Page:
Younger users are just as engaged as everyone else, Facebook is selling $1 million in Sponsored Stories ads a day, and building a phone “wouldn’t really make much sense” are a few of the juicy news nuggets dished on on Facebook’s first earnings call today, led by CEO Mark Zuckerberg. Still, Facebook noted it was disappointed in how its stock has traded.
For details on Facebook’s actual earnings, check out our coverage of its revenue and financial progress, and its user growth. But here are the biggest highlights from the earnings call which lay out Facebook’s roadmap for the rest of 2012.
Zuck kicked off the call by saying that Facebook’s platform strategy is “To create the identity and social layer that all new apps can be built on.”
Zuckerberg noted that almost 1 billion pieces of content are shared to Facebook each day from Open Graph. He also explained that when people think about Facebook’s platform they only think about games, but there are lots of other types of apps. Unfortunately, the platform only racked up $192 million in payments revenue, barely above the $186 million it made last quarter. This was partially due to the growth of Facebook-integrated mobile games for iOS and Android where Facebook doesn’t earn any money.
Zuckerberg doesn’t want ads to be strict marketing messages but instead “Interesting content from people you care about” with the goal of “getting advertisers to add value to people’s experience on Facebook.” COO Sheryl Sandberg said Facebook will compete across the purchase intent funnel, from demand generation to fulfillment.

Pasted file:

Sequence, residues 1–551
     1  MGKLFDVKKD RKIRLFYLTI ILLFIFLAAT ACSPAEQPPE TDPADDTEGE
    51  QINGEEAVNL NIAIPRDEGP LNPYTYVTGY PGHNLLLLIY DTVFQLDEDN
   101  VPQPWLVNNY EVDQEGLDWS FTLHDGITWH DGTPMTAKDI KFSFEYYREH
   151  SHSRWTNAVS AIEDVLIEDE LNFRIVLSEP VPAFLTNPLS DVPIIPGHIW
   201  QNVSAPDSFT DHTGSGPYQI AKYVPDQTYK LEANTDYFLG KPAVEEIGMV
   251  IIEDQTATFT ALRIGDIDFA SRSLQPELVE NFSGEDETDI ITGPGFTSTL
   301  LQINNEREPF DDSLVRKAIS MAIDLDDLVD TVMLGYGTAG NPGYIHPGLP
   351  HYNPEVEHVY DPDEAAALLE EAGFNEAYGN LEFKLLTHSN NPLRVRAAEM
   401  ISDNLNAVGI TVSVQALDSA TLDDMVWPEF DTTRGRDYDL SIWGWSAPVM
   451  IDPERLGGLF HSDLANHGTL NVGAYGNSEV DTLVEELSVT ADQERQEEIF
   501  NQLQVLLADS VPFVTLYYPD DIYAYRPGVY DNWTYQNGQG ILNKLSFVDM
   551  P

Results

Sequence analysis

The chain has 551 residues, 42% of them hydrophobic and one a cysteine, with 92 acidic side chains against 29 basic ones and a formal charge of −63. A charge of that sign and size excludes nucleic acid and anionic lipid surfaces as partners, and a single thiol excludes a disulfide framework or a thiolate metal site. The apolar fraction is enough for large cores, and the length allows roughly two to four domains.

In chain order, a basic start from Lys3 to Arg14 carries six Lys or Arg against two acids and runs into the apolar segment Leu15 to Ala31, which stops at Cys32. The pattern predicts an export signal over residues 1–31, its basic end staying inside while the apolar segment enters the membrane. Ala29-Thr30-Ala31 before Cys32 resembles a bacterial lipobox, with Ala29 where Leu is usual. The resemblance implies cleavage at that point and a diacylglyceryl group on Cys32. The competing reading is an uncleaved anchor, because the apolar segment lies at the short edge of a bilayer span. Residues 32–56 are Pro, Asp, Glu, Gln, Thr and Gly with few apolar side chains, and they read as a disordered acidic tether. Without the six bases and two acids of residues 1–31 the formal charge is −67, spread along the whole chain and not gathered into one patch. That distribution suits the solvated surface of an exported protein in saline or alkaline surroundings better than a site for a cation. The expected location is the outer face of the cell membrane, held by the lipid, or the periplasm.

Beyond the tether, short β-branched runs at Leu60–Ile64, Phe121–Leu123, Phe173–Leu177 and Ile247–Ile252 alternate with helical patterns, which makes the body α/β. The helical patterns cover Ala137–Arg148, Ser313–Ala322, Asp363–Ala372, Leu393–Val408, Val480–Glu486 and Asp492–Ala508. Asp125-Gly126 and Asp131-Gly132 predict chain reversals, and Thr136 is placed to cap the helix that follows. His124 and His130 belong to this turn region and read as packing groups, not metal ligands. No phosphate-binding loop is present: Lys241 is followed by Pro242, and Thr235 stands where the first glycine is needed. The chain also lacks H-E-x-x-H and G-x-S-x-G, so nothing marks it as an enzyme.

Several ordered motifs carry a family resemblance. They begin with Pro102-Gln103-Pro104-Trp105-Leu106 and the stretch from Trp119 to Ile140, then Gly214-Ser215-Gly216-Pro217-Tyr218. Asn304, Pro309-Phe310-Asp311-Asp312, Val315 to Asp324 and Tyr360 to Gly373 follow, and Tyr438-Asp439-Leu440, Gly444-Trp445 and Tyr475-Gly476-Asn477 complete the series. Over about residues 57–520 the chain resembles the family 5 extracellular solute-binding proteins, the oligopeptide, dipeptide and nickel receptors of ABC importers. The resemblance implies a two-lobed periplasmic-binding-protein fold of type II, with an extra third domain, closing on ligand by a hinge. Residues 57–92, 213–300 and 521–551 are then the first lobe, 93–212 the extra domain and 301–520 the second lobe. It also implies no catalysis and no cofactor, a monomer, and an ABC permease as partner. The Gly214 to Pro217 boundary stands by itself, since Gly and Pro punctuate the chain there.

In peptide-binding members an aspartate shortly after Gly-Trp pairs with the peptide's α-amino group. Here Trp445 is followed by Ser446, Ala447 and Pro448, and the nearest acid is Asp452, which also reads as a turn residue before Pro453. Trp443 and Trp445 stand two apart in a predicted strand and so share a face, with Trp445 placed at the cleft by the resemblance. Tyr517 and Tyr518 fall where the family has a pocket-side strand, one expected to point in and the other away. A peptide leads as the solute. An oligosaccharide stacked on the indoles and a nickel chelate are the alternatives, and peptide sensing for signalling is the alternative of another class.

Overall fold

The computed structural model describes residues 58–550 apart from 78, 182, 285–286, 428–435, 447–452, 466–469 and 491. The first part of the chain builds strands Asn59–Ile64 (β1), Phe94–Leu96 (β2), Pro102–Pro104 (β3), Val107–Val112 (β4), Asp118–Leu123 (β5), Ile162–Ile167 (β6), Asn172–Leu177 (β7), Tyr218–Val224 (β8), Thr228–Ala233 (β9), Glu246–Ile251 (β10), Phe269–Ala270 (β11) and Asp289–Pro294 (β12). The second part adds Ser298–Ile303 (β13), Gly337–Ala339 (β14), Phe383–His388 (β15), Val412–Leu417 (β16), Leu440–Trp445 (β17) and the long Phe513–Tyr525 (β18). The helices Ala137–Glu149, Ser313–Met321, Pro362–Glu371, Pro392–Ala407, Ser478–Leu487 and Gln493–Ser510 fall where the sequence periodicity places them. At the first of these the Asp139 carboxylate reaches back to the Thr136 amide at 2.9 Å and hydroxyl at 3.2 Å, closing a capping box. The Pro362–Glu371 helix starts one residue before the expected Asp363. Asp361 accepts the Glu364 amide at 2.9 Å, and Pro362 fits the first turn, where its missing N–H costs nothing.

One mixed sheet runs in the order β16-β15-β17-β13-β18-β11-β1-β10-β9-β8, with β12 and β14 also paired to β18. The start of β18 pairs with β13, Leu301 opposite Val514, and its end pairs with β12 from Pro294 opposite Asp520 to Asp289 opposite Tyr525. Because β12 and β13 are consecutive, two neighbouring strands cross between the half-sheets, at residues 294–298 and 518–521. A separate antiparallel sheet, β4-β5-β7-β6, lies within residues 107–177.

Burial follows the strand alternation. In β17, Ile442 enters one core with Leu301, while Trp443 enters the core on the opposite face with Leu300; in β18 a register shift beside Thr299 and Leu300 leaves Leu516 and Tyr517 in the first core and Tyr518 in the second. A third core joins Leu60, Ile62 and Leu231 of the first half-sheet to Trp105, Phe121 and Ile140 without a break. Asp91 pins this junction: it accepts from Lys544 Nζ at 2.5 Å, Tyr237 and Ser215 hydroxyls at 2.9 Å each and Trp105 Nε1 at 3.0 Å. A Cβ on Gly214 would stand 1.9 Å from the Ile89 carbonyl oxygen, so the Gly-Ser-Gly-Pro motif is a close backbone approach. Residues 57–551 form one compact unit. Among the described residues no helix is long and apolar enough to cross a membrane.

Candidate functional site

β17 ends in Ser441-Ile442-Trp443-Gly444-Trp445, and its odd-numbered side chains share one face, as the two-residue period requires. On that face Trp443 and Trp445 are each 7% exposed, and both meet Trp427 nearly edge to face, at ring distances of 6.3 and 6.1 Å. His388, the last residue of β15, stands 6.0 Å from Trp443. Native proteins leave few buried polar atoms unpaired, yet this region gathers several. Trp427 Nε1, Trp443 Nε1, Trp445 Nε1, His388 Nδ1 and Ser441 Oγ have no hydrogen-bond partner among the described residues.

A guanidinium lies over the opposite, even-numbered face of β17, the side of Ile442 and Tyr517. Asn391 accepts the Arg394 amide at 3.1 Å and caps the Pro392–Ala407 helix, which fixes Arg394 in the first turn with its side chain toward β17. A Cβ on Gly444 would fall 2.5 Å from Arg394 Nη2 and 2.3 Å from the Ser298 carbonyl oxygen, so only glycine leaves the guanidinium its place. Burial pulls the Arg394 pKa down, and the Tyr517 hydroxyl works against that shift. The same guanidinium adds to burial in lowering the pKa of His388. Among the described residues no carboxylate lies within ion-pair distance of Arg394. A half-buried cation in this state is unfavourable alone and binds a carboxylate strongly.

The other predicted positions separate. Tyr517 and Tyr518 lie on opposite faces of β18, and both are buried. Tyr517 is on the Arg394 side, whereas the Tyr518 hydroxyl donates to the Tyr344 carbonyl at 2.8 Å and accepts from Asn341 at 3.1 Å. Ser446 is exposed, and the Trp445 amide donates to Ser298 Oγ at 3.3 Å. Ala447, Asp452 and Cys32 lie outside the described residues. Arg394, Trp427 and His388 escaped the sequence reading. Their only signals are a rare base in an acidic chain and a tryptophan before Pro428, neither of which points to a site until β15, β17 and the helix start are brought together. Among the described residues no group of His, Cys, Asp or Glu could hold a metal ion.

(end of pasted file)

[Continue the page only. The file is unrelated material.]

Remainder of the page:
Sandberg explained that “Sponsored stories perform multiple times better than ads in Facebook’s sidebar”, partly because users are more likely to remember recommendations from a friend. Facebook plans to increase the presence of Sponsored Stories in the news feed, meaning a higher frequency of the ads compared to organic content.
Meanwhile, it launched Facebook Exchange (FBX), and says eMarketer claims the real-time bid ad market it addresses is $2 billion a year in the US alone. Sandberg said the goal of the program is to increase the relevance of the ads users see on Facebook.
As proof of return on investment, Sandberg said that Electronic Arts saw over a 4X ROI on its ad spend for the launch of its videogame Battlefield 3. EA told Facebook that $12.1 million in sales came from an ad spend of around $3 million.
Younger Users – When asked if there was a possible decline in usage by younger users, Zuckerberg said there’s been “steady growth and engagement in all the cohorts including younger cohorts.”
The “Facebook Phone” – Zuckerberg essentially denied that Facebook is building its own mobile phone, noting it would rather get baked into the leading mobile operating systems. “We want to not just have apps that people use but also be as deeply integrated into these systems [iOS and Android] as possible….as opposed to building out a whole phone, which wouldn’t really make much sense for us here.”
Company Headcount – Regarding Facebook’s thoughts on the its small headcount, Zuck said Facebook has always been smaller than other companies, and that is a reason people like working there, and that it’s helpful in strategy. He noted that Facebook wants to make every app social, but can’t build them all in house. Zuckerberg said “Over time it might make sense to build more of these things ourselves.”
Social Ads – On Sponsored Stories, Facebook’s leaders noted its selling $1 million worth of the social ad unit per day, and half of that spend is buying ads on mobile.